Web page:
Abstract

Objective

HIV is associated with frontostriatal dysregulation and executive dysfunction. This study evaluated whether HIV-infected individuals evidence deficits in random number generation (RNG), which is a strategic task requiring paced, rule-guided production of digits.

Method

In total, 74 HIV+ adults and 54 seronegative comparison participants completed a comprehensive research neuropsychological battery. Participants produced a random digit sequence by avoiding any order and using numbers 1 through 10 for 100 s at a pace of 1 digit/s. Outcomes included intrusions, repetitions, seriation (1-2-3-4), and cycling (median length of gaps between repeating digits).

Results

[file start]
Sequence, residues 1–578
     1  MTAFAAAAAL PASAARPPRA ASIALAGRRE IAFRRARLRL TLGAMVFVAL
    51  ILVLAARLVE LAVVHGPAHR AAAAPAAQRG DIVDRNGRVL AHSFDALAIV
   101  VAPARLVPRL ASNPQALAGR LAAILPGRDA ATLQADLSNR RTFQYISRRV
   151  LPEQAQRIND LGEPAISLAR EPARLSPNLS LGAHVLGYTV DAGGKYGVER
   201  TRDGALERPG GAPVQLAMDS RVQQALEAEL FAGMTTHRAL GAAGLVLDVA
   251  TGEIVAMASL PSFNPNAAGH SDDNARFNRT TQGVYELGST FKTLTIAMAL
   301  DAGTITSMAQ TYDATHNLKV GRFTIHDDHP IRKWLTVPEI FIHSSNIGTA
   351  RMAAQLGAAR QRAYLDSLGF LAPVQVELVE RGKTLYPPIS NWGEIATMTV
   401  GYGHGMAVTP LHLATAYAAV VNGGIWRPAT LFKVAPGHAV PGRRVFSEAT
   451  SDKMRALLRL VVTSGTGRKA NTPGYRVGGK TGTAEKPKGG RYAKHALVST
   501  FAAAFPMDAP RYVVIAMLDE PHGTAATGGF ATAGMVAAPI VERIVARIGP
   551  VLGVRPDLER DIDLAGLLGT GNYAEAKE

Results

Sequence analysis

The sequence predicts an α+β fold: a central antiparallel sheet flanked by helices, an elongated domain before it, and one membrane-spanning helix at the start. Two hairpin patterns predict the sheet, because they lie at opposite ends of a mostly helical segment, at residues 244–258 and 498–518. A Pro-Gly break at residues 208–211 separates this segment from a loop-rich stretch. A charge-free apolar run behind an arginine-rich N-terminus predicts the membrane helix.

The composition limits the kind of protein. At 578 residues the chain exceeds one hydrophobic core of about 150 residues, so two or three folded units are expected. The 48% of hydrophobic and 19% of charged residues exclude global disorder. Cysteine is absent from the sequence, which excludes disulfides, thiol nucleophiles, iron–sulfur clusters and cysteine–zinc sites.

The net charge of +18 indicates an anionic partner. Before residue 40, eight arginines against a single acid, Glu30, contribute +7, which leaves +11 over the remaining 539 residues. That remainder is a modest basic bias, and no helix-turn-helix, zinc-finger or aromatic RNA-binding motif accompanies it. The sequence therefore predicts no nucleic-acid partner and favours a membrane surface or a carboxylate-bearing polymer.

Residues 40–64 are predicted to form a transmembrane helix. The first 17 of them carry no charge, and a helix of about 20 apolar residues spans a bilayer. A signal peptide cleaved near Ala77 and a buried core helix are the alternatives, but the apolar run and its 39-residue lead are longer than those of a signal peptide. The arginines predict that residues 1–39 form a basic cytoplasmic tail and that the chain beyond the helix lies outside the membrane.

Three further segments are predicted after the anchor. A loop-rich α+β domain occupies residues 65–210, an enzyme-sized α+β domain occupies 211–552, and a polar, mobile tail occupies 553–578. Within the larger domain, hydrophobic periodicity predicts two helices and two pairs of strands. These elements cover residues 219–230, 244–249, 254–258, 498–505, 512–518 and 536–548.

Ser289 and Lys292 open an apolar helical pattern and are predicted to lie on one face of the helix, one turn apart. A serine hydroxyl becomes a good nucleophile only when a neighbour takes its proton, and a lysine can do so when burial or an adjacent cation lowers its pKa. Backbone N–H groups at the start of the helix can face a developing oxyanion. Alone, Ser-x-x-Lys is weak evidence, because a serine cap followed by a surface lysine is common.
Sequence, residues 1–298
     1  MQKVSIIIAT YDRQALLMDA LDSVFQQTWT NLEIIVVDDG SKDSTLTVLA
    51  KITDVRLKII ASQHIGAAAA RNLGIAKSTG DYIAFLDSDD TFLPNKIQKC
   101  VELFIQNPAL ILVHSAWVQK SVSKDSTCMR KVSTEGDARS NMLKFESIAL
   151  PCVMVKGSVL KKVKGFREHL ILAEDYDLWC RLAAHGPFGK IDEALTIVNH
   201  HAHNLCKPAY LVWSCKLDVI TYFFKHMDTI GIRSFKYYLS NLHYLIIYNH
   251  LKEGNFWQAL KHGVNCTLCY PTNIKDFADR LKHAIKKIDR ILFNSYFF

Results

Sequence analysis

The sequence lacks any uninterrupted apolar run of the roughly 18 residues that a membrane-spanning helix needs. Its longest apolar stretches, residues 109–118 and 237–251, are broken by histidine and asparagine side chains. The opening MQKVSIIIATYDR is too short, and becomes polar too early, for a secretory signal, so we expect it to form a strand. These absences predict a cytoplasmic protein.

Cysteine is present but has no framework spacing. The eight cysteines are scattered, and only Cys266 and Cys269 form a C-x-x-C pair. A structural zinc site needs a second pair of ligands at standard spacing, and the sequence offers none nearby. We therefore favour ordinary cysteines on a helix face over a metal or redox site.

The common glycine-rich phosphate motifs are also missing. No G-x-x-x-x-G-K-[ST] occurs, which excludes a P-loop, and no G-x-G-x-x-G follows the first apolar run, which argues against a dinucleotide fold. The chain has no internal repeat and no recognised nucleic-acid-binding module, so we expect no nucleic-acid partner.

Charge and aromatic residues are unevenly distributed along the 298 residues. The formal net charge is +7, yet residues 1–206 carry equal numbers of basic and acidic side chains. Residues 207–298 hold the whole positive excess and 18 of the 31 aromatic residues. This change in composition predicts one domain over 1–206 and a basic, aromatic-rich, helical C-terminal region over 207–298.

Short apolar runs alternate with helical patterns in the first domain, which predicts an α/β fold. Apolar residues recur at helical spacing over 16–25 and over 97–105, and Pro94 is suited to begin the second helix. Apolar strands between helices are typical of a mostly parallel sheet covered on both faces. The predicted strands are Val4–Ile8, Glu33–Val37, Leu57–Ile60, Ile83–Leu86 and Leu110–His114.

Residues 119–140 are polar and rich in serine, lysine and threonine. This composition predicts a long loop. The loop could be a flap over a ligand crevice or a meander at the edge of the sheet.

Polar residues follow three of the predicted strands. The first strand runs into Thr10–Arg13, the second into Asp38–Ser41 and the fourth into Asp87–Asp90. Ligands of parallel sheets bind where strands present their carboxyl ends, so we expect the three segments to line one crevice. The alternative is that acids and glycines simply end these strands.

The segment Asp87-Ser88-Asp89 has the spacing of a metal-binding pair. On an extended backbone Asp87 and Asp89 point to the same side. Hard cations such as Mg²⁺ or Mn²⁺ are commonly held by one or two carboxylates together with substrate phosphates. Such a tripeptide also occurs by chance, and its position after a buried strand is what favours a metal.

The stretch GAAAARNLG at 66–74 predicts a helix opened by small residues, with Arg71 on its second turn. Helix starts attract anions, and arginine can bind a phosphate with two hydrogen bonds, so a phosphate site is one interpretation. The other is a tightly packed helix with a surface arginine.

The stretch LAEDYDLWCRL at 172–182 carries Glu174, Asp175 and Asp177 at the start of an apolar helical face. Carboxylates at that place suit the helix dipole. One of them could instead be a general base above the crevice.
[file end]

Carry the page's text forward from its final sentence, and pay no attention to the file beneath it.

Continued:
HIV disease was associated with higher levels of seriation and cycling (ps < .05) but not intrusions or repetitions (ps > .10). Among HIV+ individuals, higher seriation was associated with neuropsychological performance including poorer auditory attention, verbal learning, and delayed memory, whereas higher cycling scores were associated with poorer delayed memory and verbal fluency (ps < .05). Higher seriation also was independently associated with self-reported declines in activities of daily living (ADLs) in the HIV+ group.

Conclusions

Individuals living with HIV disease evidence moderate difficulties in inhibiting statistically unlikely non-random sequences, which showed medium associations with higher order verbal abilities and may contribute to greater declines in everyday functioning outcomes. Future studies might examine RNG's role in health behaviors such as medical decision-making or medication adherence.

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